When attorneys for accused family killer Scott Peterson won a change a venue from the his small Central Valley city of Modesto to the San Francisco Bay Area - apparently because the news media's carpet bombing of the case destroyed the ability of every sentient being in Modesto to independently reason - I thought, "Great, now, after avoiding stories on Peterson for more than a year, I'm going to be subjected to them daily in my local paper."
Sure enough. In these first 55 days of 2004, Peterson's name has shown up in the San Francisco Chronicle 54 times, including the off-lead story from today you see here, which seemingly merits front-page play because it reports on allegations made by prosecutors that Peterson lied -- to the news media.
In other words: It is a news media story about alleged lies made to the news media by a man whose notoriety depends solely on the news media. Accompanying the story, is a picture of the news media (in the person of Diane Sawyer) interviewing Peterson. Calling rhetoricians: Is there a word for this type of circular coverage? I call it informational incest.
The other day I wrote, in commenting on how mainstream journalists have lost or are confused about their sense of civic purpose, that they fill "the void with faux news."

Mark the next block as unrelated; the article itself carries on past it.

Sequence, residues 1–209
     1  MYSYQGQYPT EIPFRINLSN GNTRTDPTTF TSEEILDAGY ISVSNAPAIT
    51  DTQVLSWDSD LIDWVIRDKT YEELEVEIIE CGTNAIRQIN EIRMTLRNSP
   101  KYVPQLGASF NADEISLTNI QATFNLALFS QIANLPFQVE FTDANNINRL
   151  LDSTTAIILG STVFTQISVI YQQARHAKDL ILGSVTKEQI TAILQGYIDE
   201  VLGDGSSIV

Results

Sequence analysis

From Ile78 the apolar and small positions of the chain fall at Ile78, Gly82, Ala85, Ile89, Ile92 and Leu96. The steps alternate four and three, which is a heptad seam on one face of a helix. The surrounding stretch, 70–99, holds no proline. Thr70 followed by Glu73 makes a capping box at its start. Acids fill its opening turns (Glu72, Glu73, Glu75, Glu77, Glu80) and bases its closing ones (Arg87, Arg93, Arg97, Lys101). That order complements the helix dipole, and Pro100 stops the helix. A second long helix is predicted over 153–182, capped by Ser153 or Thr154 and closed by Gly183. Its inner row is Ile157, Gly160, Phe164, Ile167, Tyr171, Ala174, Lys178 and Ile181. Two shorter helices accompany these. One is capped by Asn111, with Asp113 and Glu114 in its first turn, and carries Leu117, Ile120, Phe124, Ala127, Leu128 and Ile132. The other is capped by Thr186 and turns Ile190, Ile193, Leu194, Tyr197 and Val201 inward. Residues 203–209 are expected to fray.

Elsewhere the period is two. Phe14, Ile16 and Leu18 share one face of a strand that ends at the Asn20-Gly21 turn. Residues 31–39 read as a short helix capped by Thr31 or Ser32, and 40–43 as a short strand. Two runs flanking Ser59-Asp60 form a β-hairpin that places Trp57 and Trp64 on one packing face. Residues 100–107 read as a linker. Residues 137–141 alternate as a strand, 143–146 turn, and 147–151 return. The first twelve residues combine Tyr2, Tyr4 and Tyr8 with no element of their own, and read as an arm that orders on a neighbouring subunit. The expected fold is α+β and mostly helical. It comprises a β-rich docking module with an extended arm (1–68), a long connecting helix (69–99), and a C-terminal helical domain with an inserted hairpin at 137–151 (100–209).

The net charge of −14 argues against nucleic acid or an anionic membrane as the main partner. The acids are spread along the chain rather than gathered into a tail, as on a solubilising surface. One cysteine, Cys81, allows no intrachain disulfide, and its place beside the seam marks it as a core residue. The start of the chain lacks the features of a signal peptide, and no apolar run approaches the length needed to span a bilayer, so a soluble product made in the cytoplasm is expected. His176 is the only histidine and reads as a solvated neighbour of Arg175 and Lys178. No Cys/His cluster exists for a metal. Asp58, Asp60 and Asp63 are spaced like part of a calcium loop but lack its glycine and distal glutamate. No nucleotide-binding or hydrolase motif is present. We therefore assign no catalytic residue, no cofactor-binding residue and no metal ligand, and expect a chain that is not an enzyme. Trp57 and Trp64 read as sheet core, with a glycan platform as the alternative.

In the same post, I cited five suggestions made by Eric Alterman and Michael Tomasky about how journalists could reclaim that purpose and take the initiative against what they call "journalism-related program activity." No. 5 was: "Don't let non-news organs drive the news cycle."
Sure, cover the Peterson case. Report on Kobe and Michael and Janet. But, let's use our own perspective, our own news judgment. As journalists -- not media personalities, not commentators, not hawkers, squawkers or gawkers -- let's develop our own news, set our own agenda and be driven by our own values.
Let's stop confusing media with journalism. Let's put Scott Peterson back inside the paper. I want my front page back.
San Francisco Chronicle Earlier Peterson affair alleged by prosecutors